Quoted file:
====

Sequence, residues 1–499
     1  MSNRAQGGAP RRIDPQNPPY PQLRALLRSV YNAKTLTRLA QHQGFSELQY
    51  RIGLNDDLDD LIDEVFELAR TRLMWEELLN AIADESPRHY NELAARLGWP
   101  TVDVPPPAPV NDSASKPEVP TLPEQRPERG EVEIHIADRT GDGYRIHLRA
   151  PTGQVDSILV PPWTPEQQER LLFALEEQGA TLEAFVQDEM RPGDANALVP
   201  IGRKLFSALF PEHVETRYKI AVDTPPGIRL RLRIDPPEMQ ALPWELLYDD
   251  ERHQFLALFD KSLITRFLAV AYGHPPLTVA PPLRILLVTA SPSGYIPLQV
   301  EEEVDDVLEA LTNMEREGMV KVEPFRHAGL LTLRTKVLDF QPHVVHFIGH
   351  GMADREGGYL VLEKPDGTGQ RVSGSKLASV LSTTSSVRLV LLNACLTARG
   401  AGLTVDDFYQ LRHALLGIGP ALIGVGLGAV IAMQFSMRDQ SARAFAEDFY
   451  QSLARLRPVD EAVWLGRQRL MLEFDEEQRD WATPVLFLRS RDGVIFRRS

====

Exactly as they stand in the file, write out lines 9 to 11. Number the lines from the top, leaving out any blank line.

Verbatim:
   351  GMADREGGYL VLEKPDGTGQ RVSGSKLASV LSTTSSVRLV LLNACLTARG
   401  AGLTVDDFYQ LRHALLGIGP ALIGVGLGAV IAMQFSMRDQ SARAFAEDFY
   451  QSLARLRPVD EAVWLGRQRL MLEFDEEQRD WATPVLFLRS RDGVIFRRS